ERIC Number: ED206404
Record Type: RIE
Publication Date: 1981-Mar
Early Adolescence: Social/Psychological Issues.
It is the misfortune of young adolescents that just at the point in their lives when they are seeking definition, two areas of confusion and ignorance converge: confusion about the purposes of schooling for young adolescents and ignorance about early adolescence as a critical developmental stage in the life span. Some myths which prohibit better services to young adolescents include the following: (1) adolescence is "normally pathological," (2) adolescents are a homogeneous group, (3) adolescents are children, (4) adolescent growth is continuous and uniformly synchronized, and (5) adolescence is a "transitional" time of life. Beliefs such as these diminish the ability of teachers to perceive and effectively respond to adolescents' needs which originate in socio-emotional developmental tasks such as forming commitments, outgrowing characteristic forms of egocentrism, and, importantly, exploring the capacity to think abstractly. Current teacher training practices do not sufficiently stress development; secondary school teachers are therefore not adequately prepared for teaching adolescents. Once in schools, teachers can expect little help from the misused school guidance system. Since no utopian solutions to the problems of educating young adolescents exist, two questions should be kept in mind to keep practice on the right track: How do we want adolescents to grow up in America? and, What do we want adolescents to be doing? (Author/RH)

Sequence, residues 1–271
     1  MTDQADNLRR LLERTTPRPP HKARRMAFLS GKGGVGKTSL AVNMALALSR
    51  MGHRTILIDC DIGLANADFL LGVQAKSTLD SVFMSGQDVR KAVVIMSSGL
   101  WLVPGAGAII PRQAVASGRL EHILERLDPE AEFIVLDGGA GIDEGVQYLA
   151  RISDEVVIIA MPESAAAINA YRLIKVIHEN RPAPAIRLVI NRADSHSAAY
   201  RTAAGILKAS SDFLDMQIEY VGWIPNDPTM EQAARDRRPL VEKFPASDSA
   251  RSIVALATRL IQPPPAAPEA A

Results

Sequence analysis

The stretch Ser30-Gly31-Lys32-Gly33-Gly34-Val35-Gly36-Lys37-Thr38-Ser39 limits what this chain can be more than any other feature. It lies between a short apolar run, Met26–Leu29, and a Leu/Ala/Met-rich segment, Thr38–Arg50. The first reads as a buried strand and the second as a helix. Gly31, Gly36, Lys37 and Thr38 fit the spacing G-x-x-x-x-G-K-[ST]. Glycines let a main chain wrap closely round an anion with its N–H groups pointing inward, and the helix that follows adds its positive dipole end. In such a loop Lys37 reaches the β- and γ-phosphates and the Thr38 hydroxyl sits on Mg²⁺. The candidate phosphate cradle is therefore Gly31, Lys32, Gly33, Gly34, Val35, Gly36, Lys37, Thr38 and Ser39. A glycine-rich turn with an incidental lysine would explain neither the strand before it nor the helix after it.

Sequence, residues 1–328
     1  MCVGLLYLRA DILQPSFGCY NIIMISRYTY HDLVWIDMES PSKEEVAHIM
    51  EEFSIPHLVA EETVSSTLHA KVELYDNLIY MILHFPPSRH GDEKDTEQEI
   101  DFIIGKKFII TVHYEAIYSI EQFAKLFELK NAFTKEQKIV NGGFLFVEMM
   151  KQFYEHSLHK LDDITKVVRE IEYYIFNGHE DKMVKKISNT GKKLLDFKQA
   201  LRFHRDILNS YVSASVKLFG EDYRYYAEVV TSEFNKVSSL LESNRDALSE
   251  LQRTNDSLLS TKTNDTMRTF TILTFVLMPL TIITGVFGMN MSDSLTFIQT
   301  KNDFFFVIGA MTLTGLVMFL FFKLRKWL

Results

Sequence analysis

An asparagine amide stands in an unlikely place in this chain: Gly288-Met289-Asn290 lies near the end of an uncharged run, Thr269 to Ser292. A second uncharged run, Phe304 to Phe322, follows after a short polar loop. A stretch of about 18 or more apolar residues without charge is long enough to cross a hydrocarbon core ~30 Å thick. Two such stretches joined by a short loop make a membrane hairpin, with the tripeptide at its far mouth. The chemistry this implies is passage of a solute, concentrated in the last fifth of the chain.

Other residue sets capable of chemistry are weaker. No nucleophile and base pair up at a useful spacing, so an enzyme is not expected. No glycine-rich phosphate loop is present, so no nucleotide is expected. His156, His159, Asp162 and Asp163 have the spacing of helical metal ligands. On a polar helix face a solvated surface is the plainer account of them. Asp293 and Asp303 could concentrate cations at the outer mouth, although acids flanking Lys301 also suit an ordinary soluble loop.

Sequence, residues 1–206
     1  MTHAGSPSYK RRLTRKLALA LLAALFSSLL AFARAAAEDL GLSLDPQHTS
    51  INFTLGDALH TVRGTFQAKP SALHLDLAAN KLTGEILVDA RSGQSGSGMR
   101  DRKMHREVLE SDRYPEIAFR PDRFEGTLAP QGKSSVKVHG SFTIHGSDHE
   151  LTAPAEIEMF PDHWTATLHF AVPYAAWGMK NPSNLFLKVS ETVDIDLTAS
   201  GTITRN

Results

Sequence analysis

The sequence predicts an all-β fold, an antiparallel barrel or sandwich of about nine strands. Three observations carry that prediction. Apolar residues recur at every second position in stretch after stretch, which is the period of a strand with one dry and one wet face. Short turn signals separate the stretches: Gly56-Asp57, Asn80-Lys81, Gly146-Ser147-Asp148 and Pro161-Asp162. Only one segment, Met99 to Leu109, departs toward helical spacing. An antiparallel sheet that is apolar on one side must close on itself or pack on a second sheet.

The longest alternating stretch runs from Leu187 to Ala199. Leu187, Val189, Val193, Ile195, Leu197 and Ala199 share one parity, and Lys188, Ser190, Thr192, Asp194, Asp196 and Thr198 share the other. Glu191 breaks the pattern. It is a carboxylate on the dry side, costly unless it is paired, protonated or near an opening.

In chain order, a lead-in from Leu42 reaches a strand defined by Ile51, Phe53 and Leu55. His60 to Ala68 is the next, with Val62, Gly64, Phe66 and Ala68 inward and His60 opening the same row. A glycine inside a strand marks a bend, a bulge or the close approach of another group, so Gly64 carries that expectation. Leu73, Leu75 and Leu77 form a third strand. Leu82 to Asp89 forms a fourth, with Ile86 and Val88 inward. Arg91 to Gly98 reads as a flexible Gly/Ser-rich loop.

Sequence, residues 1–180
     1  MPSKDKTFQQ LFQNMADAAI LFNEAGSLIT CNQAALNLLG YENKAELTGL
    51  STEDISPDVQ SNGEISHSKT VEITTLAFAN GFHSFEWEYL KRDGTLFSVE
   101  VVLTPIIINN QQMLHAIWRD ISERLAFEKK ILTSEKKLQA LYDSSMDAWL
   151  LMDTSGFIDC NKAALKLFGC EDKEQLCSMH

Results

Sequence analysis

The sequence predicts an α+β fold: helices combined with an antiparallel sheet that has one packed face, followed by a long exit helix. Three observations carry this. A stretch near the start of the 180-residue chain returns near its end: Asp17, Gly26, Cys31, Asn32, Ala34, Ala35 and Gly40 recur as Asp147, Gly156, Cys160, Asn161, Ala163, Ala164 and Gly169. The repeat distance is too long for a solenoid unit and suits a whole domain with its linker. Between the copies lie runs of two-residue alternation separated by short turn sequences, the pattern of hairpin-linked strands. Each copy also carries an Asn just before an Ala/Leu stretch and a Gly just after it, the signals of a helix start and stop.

Publication Type: Speeches/Meeting Papers; Opinion Papers
Education Level: N/A
Authoring Institution: N/A
Note: Paper presented at the Annual Conference of the Association for Supervision and Curriculum Development (St. Louis, MO, March 7-10, 1981).